On April 8, Institutional Shareholder Services (“ISS”) published additional guidance on application of its benchmark voting policies amid the COVID-19 pandemic.[1] ISS had previously issued its 2020 benchmark policies update to be applied for shareholder meetings on or after February 1, 2020.[2] Noting the societal and economic uncertainty wrought by COVID-19 since its prior update, ISS provides further guidance focused on four key areas:

  • Annual General Meeting (“AGM”) Issues;
  • Poison Pills, Shareholder Rights and Boards/Directors;
  • Compensation Issues; and
  • Capital Structure and Payouts.

AGM Issues

ISS notes that AGM postponements have been widespread in certain markets (especially Asia and Europe) responding to COVID-19. While certain companies have AGM deadlines set by statute, regulation, market listing rules or their own governing documents, others have flexibility to either postpone AGMs or hold them virtually. Notices of meeting postponements via standard disclosure documents and electronic communications (such as webcasts and conference calls) to shareholders are viewed favorably. Where permitted, ISS notes that virtual-only meetings offer a safer solution, allowing shareholders, directors and executives to maintain social distance while remaining a reasonably effective approach under the circumstances.[3] Bearing these trends in mind, ISS encourages companies opting for virtual-only meetings to clearly disclose the reasoning behind that decision (i.e., whether related to COVID-19 or not) and to provide shareholders with opportunities to participate in meetings as fully as possible.[4]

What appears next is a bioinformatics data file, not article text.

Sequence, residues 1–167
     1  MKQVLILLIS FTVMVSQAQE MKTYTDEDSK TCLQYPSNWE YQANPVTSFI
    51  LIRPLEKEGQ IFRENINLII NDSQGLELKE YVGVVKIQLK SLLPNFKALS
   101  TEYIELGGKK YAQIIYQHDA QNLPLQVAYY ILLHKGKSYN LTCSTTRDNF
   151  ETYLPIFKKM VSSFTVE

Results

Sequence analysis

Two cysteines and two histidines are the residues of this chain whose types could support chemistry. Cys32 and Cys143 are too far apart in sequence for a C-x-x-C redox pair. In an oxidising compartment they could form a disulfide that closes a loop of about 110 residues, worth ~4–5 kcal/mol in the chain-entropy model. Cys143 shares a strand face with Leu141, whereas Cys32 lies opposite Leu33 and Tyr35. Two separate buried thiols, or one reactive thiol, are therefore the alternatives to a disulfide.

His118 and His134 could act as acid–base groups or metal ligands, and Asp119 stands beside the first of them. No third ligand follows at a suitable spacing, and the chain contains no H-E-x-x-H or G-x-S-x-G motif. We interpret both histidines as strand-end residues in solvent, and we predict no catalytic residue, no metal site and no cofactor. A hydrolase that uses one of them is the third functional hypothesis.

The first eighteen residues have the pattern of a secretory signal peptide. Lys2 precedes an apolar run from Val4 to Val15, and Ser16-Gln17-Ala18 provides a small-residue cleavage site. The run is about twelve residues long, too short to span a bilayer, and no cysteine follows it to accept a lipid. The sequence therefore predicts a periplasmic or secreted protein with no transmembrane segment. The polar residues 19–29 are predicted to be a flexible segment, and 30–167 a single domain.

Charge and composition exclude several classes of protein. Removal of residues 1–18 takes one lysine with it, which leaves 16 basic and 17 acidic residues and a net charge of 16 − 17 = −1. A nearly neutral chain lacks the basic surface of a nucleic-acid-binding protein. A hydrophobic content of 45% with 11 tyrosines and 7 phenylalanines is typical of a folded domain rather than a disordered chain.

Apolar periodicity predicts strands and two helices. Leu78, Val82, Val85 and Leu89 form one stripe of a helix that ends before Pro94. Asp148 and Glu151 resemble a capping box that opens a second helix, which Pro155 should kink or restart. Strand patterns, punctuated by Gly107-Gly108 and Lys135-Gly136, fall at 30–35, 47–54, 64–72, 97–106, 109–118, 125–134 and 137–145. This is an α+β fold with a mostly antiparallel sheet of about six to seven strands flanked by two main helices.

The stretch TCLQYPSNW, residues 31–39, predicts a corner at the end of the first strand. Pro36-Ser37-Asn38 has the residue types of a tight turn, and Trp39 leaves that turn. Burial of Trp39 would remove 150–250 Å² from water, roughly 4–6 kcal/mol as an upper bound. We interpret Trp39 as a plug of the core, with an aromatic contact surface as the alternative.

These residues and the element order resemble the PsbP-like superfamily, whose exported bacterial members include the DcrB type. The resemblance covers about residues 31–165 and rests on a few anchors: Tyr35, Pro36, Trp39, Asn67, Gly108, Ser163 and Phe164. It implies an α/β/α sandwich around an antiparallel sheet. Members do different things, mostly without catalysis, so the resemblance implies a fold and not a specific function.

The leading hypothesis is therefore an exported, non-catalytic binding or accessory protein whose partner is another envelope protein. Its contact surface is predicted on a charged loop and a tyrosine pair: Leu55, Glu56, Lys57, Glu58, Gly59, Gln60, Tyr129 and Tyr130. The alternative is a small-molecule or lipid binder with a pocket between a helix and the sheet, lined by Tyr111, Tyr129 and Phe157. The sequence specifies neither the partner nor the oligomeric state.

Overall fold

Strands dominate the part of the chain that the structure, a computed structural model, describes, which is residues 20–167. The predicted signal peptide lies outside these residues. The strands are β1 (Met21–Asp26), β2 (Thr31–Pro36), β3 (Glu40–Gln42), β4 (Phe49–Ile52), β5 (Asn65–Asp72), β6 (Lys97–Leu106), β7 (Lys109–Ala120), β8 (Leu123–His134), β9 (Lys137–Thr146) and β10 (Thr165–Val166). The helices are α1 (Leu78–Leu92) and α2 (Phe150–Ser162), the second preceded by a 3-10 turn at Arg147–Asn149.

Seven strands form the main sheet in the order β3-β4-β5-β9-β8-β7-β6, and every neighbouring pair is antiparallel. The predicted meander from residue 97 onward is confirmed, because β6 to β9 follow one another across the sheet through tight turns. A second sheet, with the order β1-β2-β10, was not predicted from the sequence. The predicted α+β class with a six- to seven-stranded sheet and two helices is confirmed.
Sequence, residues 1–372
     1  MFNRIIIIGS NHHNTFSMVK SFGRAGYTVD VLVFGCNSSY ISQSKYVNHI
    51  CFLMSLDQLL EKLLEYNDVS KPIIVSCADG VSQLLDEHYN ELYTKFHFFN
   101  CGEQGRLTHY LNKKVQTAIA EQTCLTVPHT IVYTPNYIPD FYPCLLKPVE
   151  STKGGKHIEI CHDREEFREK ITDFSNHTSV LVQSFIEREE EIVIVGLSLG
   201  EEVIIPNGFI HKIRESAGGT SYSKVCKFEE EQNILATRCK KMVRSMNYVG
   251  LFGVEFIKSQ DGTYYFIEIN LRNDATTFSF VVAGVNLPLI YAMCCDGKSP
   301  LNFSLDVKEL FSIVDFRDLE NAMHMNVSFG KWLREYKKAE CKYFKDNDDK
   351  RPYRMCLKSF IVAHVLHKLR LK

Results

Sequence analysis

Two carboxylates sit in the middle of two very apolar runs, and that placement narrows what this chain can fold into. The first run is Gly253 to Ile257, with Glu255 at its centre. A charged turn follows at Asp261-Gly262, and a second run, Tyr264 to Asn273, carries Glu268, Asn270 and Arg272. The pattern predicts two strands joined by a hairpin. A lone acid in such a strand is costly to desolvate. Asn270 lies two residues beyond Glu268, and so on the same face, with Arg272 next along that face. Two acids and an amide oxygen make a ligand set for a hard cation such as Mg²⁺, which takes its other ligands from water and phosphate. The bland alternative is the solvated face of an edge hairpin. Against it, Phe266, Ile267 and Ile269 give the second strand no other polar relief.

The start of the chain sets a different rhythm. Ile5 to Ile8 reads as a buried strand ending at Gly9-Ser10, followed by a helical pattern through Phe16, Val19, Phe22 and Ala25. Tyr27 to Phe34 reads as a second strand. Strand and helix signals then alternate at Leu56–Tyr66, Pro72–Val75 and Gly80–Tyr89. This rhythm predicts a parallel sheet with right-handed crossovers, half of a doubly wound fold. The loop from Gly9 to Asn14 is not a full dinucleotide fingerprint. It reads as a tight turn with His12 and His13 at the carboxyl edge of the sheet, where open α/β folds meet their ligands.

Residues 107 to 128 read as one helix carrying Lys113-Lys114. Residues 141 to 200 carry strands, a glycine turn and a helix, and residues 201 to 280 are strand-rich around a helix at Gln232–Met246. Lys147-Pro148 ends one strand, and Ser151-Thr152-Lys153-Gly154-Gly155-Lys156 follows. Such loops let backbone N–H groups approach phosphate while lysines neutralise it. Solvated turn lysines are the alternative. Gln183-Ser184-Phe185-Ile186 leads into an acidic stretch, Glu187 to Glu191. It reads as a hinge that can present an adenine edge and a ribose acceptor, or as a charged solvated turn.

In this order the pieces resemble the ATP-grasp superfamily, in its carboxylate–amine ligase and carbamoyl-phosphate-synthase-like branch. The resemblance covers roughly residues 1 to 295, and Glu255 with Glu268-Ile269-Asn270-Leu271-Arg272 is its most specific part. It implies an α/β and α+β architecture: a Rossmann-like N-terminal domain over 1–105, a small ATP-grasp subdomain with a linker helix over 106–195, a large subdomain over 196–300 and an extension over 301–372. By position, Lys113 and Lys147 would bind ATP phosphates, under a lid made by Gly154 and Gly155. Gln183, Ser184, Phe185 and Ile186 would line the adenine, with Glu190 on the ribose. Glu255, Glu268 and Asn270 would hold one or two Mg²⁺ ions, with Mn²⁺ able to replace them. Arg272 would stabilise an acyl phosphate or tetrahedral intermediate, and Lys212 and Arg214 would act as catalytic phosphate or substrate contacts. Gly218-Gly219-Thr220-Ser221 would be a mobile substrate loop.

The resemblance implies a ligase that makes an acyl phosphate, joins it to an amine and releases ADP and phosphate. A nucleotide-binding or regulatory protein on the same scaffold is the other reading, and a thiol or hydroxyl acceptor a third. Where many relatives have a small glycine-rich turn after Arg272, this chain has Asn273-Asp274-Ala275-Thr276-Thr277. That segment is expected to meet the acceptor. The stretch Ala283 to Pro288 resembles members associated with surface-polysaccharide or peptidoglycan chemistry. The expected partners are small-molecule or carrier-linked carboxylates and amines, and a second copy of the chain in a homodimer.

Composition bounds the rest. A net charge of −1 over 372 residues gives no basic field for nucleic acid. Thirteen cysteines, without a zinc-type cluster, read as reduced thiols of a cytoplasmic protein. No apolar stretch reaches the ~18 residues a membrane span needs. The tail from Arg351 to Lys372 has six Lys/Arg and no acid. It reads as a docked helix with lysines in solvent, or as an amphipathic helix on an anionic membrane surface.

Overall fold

Poison Pills, Shareholder Rights and Boards/Directors

ISS addresses recent efforts by boards to adopt shareholder rights plans (often referred to as “poison pills”) and other defensive measures in response to COVID-19, along with a discussion of director attendance at scheduled board meetings and changes to boards or senior management during the pandemic. For a discussion of poison pills and related defensive measures see our separate post.[5]

  • Director Attendance. In response to COVID-19 health and safety concerns, ISS notes that many directors may decide not to attend AGMs or board meetings in person. For those jurisdictions in which a director’s telephonic or electronic participation is not normally counted as being “present,”[6] ISS will look for adequate disclosure explaining the use of alternative forms of director attendance. ISS will also expect, to the extent directors’ attendance at or absence from board or committee meetings is relevant, information adequate to allow shareholders to make informed decisions although it acknowledges there may be reasonable privacy concerns related to an individual director’s health.